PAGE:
India: 3/6

Our guide is 28, married and Brahman.  He says he wonders about the purpose of life. It’s hard to read people across cultures but he doesn’t seem to care that much.  Then again, it probably seems to him that I don’t so it’s best not to judge.

He particularly likes the god Hanuman.  He is strong, a great warrior, and the first follower of Rama.  The story of Rama and his wife Sita is part of an annual festival that lasts ten days called the Dussehra.

In most of northern and western India, Dasha-Hara (literally, “ten days”) is celebrated in honour of Rama. Thousands of drama-dance-music plays based on the Ramayana and Ramcharitmanas are performed at outdoor fairs across the land, in temporarily built staging grounds featuring effigies of demons Ravana, Kumbhakarna and Meghanada are held. The effigies are burnt on bonfires in the evening of Vijayadashami-Dussehra.

Wikipedia

Our guide said that the story is told in four hour performances over the ten nights leading to Rama’s final victory over Ravana.  The victory of good over evil.  A flaming arrow shot into the effigies ignites and destroys them.

The guide tells me that each person is reincarnated seven times.  You don’t know if you’re in your first or seventh incarnation, but being human suggests that you did something good in the past.  Man is the penthouse suite of creation which is not an idea I really agree with.  It seems to privilege consciousness too much.  But it should mean that we are a brother and sisterhood of beings who all have good in our past, and the experience of having been another consciousness: a cockroach, a rock at the bottom of a river, a bird hanging high on the updrafts.  That should make humans something special, shouldn’t it?  Well, it would if the knowledge of goodness and otherness was evident in us all I suppose.

***

After the bus ride back from Agra to Delhi we had three hours to kill before our train ride.  Should we take the metro to some shops?  Some hesitation, but ok.  It put us in India for once.  Not in a monument, or a foreigner friendly restaurant, but on the trains.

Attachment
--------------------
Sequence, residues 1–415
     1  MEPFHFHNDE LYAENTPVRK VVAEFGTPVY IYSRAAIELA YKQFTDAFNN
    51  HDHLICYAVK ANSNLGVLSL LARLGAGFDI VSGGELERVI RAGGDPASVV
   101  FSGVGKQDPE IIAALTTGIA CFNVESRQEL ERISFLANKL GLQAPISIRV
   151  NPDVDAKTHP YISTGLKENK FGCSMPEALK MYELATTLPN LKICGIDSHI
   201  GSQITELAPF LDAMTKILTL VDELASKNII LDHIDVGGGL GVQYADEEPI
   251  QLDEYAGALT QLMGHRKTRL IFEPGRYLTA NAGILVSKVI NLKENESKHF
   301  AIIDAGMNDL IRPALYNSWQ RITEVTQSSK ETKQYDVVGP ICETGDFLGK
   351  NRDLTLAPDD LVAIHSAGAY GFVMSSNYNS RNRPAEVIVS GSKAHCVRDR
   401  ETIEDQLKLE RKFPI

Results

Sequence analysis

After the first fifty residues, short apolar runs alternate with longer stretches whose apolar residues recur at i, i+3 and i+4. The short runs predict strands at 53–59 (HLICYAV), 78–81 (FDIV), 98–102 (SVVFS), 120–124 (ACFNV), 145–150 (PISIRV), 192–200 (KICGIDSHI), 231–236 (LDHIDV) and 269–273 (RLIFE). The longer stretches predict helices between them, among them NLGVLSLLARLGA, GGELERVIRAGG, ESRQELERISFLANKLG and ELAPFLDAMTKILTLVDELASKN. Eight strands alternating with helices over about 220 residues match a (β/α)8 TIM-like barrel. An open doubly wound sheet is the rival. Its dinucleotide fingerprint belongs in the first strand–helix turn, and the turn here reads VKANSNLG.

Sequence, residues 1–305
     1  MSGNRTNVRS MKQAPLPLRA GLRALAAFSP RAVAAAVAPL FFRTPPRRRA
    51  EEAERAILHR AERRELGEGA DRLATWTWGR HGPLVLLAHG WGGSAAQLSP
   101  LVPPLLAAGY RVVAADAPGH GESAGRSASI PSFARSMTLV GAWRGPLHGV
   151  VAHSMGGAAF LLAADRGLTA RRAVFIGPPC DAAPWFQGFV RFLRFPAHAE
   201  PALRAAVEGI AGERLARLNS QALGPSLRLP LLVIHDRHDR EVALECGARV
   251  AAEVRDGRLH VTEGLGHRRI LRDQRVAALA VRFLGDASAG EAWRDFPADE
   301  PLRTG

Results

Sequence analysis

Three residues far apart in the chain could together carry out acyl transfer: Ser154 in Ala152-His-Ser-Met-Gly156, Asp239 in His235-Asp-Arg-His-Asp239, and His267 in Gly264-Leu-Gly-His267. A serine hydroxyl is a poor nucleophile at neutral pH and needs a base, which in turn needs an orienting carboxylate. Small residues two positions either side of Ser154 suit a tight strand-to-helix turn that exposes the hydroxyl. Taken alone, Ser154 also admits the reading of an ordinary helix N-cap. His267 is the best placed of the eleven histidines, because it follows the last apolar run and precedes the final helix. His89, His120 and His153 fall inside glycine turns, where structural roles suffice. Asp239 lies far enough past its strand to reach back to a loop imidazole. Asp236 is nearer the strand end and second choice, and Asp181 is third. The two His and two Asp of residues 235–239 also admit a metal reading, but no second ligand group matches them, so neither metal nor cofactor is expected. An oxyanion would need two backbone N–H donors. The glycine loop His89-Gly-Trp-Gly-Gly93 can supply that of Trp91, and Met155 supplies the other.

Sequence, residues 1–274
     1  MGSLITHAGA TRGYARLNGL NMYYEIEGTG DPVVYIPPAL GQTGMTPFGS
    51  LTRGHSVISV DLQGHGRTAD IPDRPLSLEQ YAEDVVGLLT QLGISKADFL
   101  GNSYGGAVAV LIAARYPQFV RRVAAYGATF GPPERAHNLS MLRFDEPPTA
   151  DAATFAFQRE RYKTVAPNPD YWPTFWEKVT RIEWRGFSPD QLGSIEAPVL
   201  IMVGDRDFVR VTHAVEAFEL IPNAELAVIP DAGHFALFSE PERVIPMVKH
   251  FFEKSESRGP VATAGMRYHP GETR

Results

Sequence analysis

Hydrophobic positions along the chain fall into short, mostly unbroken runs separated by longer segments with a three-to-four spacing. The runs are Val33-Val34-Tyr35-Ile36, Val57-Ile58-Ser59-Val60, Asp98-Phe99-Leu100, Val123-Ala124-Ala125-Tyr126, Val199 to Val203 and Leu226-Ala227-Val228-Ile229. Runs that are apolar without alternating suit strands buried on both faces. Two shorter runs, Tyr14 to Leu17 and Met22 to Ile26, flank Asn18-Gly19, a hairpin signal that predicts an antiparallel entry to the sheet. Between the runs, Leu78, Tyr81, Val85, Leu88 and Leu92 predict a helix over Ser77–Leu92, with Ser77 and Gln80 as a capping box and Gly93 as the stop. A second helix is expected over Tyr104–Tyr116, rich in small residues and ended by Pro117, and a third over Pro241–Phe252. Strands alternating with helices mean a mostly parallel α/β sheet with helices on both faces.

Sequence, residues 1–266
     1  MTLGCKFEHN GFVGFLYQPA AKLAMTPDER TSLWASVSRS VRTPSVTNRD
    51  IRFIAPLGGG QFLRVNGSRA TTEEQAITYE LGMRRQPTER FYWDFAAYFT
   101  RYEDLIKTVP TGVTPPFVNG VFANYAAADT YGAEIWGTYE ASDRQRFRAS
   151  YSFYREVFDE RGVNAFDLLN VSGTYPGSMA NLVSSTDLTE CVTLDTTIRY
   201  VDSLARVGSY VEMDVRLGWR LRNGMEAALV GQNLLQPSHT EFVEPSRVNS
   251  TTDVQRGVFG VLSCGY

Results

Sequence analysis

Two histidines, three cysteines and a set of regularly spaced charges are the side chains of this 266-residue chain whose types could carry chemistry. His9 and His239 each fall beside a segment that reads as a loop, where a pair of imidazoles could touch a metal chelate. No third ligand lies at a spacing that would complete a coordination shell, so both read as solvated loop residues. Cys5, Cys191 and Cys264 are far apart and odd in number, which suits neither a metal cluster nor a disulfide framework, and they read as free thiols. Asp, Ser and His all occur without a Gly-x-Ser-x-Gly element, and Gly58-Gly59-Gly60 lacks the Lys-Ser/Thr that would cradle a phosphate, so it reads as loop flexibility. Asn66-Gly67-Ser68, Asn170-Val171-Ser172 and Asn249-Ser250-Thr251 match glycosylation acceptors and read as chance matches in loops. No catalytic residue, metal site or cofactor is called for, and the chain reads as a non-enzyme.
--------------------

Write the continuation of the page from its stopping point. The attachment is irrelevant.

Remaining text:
In the metro, waiting for the guide to come back with tokens, an old man approached me.

“Where are you from?”

“New Zealand.”

“So many pretty flowers,” he said nodding at the girls and chuckling.

I nodded.

“You are a lucky man.”

I shrugged, not wanting to play the game: the imaginary brotherhood of the cock.

“Have a nice day.”

Down in the metro the girls got on the woman only carriage.  I went in one of the other ones.  At the other end of the metro we found a cafe and flooded in with our exotic cool.  The coffee was terrible but I enjoyed it.  And the chippies.  And the samosa.  We could have been anywhere in the world.  Sometimes that’s nice.

***

We picked up our packed lunches in a car park that stank of urine.  Urine in a fan oven.  Then we walked to the bus.  To walk with bags, literally bags, of food past the poor and starving wearing my stupid white man skin.  Fuck.  We put all the bags of food down.  A man hung about asking for food.  I gave him 10 rupee.  The point of which being nothing.  A fee to my pricked conscience.

Then into the thick of Delhi Station with suitcases.  Weaving through the crowds, around the families camped on the ground eating, or the men lying down to sleep, through the sheep pen maze of railings to the metal detector.  Up the stairs, along the bridge, down the stairs.  It reminded me of Japan.  The heat, the noise, the time pressure, but for quite a few of the girls it was pretty full on.  A bit too real.

After all that the train drifted out of Delhi Railway Station serenely and on time.  We passed vacant lots and ponds so clogged and covered with rubbish you could see neither land nor water. A rejoinder to the posters and signs about cleaning up India.  After the sweaty chaos of getting on to the train we settled into quiet, into the slow rocking sway of the carriage.  Soon, men in blue polos and caps (“Doon’s”) started marching up and down the aisles selling chips, chai, water and snacks.

***

Two men in white, with rimless white caps, hands at their backs, walk quietly between fields up a dirt track.  A little black puppy lollops across rough ground.  20, 30 young men out on a beaten earth court playing volleyball. A cat, as a rare as a woman out after dark, regards the train as it passes.  A sense of people coming in from the land and the busyness before dark.  The moon, low and large, an orange disk sliding up on the “wrong” side of the train, disorients me.

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John-Paul

I wrote a book called Kaitiaki o te Pō